[JURIST] Canada’s Truth and Reconciliation Commission (TRC) [official website] on Tuesday urged [report, PDF] the government to move from “apology to action” in its policies and programs directed toward restoring the aboriginal peoples’ relationships with the rest of the country. The TRC interviewed more than 7,000 individuals to track a six-year timeline of abuse and neglect of the aboriginal peoples, with special emphasis on the disparity of educational opportunities to aboriginal peoples. Its report characterizes Canada’s 100-year history with these individuals as a “cultural genocide,” and recommends [calls to action, PDF] 94 remedial actions to be taken by all levels of Canadian government, corporate entities, educators and others named in the report. The TRC specifically requests, among other things, that the government acknowledge its fault in the current state of aboriginal health; that the federal government implement laws to increase aboriginal peoples’ health care rights; that the government create new funding for aboriginal education legislation; that the federal government provide the National Centre for Truth and Reconciliation with $10 million over a seven-year period; and that a national council for reconciliation be created for purposes of reporting progress in reconciliation.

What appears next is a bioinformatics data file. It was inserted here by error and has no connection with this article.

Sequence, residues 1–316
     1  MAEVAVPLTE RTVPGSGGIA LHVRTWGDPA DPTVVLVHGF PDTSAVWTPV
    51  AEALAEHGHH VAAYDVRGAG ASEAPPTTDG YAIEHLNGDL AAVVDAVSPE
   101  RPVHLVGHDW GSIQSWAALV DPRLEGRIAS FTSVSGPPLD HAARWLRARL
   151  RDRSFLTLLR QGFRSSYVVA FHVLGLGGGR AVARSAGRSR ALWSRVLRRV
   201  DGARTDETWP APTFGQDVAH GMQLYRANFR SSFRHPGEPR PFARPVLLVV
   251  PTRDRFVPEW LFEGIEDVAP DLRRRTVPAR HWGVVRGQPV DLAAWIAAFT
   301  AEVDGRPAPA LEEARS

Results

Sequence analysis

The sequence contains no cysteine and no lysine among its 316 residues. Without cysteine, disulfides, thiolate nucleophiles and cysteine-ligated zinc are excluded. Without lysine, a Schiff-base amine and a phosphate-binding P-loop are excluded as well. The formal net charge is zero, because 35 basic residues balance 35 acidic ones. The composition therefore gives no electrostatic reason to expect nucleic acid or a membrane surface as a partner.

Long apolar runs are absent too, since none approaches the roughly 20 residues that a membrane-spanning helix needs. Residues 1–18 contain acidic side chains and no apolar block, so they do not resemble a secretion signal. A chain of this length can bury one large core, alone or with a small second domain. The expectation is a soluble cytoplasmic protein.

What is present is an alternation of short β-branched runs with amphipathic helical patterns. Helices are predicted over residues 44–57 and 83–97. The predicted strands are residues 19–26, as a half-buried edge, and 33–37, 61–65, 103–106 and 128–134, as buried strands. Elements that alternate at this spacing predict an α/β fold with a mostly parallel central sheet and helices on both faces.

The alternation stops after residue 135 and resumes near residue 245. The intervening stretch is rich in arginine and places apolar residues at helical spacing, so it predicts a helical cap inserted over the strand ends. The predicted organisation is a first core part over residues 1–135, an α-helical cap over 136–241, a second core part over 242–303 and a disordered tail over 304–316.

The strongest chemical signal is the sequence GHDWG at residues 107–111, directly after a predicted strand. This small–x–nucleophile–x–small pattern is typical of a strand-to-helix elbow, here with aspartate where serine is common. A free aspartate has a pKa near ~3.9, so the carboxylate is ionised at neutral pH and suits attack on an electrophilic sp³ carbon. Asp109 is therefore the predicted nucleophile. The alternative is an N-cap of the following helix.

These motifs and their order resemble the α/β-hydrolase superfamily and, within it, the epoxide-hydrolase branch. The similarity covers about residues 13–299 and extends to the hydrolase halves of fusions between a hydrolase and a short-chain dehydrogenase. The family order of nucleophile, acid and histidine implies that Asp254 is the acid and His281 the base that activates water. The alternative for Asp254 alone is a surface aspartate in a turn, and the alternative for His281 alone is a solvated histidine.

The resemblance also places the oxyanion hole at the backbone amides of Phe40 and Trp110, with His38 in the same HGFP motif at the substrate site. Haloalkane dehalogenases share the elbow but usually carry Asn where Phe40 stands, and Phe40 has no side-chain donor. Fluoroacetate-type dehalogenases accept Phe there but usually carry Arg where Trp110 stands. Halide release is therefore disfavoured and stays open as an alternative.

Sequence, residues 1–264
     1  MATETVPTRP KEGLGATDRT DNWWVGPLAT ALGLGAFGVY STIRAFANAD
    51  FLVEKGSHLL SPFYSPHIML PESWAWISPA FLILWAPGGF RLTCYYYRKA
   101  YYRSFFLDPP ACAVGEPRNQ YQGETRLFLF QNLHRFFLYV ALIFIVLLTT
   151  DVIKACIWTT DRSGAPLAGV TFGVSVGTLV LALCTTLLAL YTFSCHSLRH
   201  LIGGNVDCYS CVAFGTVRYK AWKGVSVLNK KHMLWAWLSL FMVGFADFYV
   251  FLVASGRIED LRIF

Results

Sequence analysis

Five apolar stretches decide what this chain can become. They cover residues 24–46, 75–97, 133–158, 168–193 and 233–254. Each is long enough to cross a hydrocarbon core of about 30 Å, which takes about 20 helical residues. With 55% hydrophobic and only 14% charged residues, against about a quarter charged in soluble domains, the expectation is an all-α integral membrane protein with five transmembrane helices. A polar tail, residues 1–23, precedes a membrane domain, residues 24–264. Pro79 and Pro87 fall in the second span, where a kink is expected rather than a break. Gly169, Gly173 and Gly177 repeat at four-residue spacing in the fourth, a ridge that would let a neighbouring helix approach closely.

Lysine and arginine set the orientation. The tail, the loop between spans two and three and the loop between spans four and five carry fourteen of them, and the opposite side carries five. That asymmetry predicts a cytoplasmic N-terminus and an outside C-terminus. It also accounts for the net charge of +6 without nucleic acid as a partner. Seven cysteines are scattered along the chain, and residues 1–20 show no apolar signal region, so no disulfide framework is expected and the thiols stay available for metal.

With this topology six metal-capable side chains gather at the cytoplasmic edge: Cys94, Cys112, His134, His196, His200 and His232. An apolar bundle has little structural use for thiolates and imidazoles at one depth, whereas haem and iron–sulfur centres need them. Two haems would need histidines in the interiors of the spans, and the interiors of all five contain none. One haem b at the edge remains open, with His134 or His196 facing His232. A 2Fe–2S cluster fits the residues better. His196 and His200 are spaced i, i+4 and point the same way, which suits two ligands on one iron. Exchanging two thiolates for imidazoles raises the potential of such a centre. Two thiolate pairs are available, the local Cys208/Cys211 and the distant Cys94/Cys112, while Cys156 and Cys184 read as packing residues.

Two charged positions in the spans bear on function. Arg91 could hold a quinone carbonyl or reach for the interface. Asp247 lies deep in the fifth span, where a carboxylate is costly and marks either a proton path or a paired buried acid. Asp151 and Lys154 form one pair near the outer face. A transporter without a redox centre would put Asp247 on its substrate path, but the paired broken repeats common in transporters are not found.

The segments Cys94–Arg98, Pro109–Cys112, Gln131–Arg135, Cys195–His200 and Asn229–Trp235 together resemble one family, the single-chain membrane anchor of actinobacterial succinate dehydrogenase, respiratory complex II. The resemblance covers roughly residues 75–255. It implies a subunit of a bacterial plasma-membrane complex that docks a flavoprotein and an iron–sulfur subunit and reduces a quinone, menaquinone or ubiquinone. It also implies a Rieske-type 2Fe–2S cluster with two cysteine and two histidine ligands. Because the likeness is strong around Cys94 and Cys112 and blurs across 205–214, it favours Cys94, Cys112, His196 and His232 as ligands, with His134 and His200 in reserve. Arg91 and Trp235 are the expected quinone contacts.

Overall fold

The rights of indigenous peoples have become a pressing international legal topic in the past decade. In September the UN raised awareness for indigenous peoples [JURIST report], comprising approximately 370 million people in 90 countries around the world, and urged members of the international community to reconcile any past differences with indigenous peoples for prior rights violations and work towards open communication about the important legal issues which affect indigenous populations. In October 2013 a UN rights expert expressed similar concern for aboriginal people [JURIST report] in Canada, finding that despite the general wealth of Canada’s citizens as a whole, one in five indigenous people live in poverty, and concluding that the country faced a “crisis” at that time. In August 2013 then UN High Commissioner for Human Rights Navi Pillay urged [JURIST report] states to honor treaties with indigenous peoples, regardless of how long ago they were signed, as such treaties serve to protect human rights. In December 2010 US President Barack Obama announced [JURIST report] that the US would support the UN Declaration on the Rights of Indigenous People [text]. The declaration adopted in 2007, is a non-binding treaty outlining the global human rights of approximately 370 million indigenous people and banning discrimination against them. The US was one of four member states originally opposed to adopting the treaty.